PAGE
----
- NRC staff admits it has no authority to prevent those two plants in the pilot transition plan (or later plants ) from modifying compliance schedules shown in the LARs. More delay.
- On the day preceding the two 805 meetings, NRC staff requested yet another extension of its Enforcement Discretion authority regarding fire noncompliances.
- Industry-wide, most plants do not know where the safe shutdown cables are located. As Duke Energy noted, this complication alone added thousands of man-hours to its 805 transition activities.
- Instead of resolving the contentious, long-term use of “interim” compensatory measures, plant owners expect additional comp measures will be needed as part of 805 compliance.
As the GAO noted, NRC staff had identified serious weaknesses with long-term reliance on comp measures such as fire patrols. Some plants have now used them for 20 years.
- The NRC will continue not to inspect fire areas that are in noncompliance, as noted in November 2006 by the head of NRC’s fire division.
- The agency is developing guidance documents for 805 on a parallel track to reviewing the LARs for Harris and Oconee. This introduces additional challenges for agency staff resources and scheduling.
- Instead of an external peer review of the Harris 805 transition as required by NRC rules, an official admitted Thursday that the agency itself performed the review.
I request that you investigate the previous point, and whether NRC improperly allowed Progress to submit a License Amendment Application (LAR) prior to completion of prescribed activities. Based on NRC’s March report on Harris’ pilot program, which identified major shortcomings and lack of work performed, it seems clear that the NRC allowed Progress to skip one or more substantial steps so that it could beat the deadline for submitting the LAR in order to mute public criticism and before Enforcement Discretion expired.
805 is clearly a weaker set of regulations – including real problems with inspectability. With NRC being unable to enforce existing, explicit regulations based on physical systems, shifting to the vague, non-descript criteria of the 805 option provides little hope for protection against severe nuclear accidents. Risks will only increase as miles of electrical cables age, and risk assessment cannot account for deliberate fires including those involving thousands of gallons of jet fuel.
The reason that scores of nuclear plants remain in noncompliance is simple: they have been unwilling to spend the millions of dollars needed to comply with current regulations. A Duke Energy official stated that if Oconee were required to meet existing regulations, the entire station would have to be gutted and re-cabled. However, there is no provision in fire regulations – or in the NRC’s mandate – for the economic benefit of licensees taking precedence over public safety.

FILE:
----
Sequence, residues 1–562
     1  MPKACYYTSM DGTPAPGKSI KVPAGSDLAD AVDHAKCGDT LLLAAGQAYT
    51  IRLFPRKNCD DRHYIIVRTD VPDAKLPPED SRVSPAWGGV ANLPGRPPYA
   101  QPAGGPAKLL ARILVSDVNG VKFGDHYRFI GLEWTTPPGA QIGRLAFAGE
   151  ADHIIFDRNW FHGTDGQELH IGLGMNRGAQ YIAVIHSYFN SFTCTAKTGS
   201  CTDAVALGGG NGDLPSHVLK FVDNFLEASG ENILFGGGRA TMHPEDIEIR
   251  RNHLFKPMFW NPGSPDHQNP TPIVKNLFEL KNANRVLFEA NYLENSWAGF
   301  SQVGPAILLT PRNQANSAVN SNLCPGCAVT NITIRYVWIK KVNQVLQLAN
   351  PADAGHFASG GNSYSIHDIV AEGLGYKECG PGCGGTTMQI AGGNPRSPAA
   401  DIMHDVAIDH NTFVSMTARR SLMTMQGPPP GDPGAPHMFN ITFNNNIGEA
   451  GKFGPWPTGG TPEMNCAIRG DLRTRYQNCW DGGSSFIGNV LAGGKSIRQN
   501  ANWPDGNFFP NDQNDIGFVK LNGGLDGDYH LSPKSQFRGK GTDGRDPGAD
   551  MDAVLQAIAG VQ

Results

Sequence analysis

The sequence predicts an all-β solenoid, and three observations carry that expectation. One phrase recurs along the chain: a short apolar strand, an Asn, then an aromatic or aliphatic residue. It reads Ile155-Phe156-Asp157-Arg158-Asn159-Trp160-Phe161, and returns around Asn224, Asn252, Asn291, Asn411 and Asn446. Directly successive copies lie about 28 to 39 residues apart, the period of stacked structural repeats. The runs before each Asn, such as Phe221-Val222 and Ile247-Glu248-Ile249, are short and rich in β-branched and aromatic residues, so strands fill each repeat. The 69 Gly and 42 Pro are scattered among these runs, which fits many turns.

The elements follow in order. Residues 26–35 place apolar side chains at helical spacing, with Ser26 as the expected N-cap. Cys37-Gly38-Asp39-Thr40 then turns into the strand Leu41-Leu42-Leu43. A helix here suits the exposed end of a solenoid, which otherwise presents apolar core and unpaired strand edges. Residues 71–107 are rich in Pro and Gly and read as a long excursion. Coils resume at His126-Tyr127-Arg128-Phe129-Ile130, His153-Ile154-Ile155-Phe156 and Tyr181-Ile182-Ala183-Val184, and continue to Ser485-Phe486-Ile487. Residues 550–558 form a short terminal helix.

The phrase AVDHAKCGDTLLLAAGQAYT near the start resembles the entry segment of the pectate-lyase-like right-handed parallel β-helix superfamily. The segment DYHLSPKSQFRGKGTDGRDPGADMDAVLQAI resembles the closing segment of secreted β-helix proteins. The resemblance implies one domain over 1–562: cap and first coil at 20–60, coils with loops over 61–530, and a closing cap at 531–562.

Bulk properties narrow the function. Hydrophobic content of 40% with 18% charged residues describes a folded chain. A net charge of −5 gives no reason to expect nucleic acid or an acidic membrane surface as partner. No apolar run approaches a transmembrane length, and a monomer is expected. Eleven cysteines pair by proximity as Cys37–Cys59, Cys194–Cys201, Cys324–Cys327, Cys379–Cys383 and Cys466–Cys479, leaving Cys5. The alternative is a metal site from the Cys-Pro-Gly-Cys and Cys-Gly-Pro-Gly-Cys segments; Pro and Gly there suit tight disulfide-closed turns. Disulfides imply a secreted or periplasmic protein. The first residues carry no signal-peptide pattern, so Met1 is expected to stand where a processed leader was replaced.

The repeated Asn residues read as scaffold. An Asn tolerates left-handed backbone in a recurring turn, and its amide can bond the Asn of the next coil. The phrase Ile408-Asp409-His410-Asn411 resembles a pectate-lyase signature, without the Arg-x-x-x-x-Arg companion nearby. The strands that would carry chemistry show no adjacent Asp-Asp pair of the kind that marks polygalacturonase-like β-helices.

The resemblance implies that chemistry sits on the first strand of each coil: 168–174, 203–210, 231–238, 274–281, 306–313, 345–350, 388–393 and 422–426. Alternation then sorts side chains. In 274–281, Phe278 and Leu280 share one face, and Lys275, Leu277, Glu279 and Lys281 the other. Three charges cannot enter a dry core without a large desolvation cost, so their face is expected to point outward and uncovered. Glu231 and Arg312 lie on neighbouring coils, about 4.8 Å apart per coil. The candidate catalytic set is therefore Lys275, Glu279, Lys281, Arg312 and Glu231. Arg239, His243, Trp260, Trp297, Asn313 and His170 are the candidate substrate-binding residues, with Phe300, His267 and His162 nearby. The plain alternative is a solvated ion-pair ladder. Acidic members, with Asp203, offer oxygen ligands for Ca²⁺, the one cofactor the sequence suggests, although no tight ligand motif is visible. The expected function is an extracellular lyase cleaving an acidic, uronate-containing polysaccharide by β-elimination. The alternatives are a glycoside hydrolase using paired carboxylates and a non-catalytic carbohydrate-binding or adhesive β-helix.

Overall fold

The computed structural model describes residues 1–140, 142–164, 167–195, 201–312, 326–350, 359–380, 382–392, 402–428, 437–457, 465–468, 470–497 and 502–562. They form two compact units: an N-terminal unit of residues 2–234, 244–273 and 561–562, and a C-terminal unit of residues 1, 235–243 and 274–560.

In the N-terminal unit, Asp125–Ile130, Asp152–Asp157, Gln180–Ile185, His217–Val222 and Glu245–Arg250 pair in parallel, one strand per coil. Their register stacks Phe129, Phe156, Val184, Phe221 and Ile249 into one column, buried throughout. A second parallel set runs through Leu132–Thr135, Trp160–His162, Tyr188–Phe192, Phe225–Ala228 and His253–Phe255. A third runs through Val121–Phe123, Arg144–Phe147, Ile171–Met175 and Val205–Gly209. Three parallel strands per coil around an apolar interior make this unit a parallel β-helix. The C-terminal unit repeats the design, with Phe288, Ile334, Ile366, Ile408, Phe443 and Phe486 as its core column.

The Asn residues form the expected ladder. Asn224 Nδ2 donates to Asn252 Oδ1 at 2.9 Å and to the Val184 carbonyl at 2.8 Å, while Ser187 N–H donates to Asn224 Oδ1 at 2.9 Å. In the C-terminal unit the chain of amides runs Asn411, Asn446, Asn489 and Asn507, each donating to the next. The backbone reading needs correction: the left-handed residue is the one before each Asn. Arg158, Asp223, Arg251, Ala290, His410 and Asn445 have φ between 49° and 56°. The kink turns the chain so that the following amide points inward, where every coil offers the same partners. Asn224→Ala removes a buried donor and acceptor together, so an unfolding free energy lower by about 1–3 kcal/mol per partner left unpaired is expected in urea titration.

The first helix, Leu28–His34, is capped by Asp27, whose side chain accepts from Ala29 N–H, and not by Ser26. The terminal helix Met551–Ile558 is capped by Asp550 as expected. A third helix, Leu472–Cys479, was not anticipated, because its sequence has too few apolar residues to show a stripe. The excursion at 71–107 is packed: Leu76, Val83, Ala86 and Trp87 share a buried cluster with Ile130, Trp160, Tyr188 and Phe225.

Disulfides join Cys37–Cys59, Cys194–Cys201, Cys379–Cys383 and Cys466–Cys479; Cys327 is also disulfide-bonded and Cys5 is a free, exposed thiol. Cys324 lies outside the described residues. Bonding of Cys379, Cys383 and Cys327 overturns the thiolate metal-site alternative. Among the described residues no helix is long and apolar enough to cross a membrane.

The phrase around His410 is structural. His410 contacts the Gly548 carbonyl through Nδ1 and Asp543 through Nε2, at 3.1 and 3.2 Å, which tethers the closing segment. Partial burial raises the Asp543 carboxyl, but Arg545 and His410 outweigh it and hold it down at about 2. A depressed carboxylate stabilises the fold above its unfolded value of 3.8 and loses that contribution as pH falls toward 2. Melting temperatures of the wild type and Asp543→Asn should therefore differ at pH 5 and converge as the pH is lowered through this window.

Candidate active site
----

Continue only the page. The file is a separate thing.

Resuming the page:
As Paul Gunter and David Lochbaum predicted, the 805 option has not provided an alternative means of compliance, it has merely provided an alternative set of excuses for non-compliances.
The NRC-industry 805 scheme is tailor-made for years of additional obfuscation, exemptions from compliance, more reliance on “compensatory measures” and a terribly inefficient use of NRC resources and taxpayer money.
Following presentations to the Commission by the panel of four industry officials and myself, Commissioner Jaczko expressed frustration with the lack of progress, and suggested the need for enforcing the existing fire regulations until 805 transitions could be completed. Rep. Price, I urge you, at a minimum, to support this position and require its immediate implementation.
I appreciate the House Appropriations Committee language calling for “full compliance” on “expedited basis.” However, when I asked the Commissioners what that means to them, the reply was silence. I urge you to impose that language, and require that the Commissioners use their discretionary authority to enforce the existing fire safety regulations including the assessment of daily financial penalties until full compliance is achieved. Why should the public expect any less ?
After years of broken promises and misleading statements from Progress Energy, other licensees and the NRC, I believe a better use of taxpayer resources and more meaningful public protection would be achieved if you require the NRC to rescind the 805 program.
I posed to the Commission several questions, one regarding new plant applications: Fire protection is but one part of the many systems and functions in a nuclear plant. How can Progress, Duke and the NRC skip so rapidly through the fire protection and all other topics for a new plant application
in considerably less time than it takes Progress and NRC to resolve known fire protection problems at an operating plant? The question was met by silence.
Finally, after seeing up close the agency and industry interactions, I am more concerned than ever about the pervasive industry influence over key agency officials including commissioners. There has long been an obvious pro-industry bias among NRC officials, which has recently included blatant promotion of new plants and the misleading statements regarding safety regulations; this from officials who are supposed to regulate the nuclear industry. The pro-industry attitude at NRC is palpable, a problem which bodes poorly for our nation’s safety, economy and energy policy.
I encourage you and your colleagues to increase the pressure on the NRC to fulfill its mandate on behalf of the public. Thank you for your efforts in this important matter.
cc: NRC Chairman Dale Klein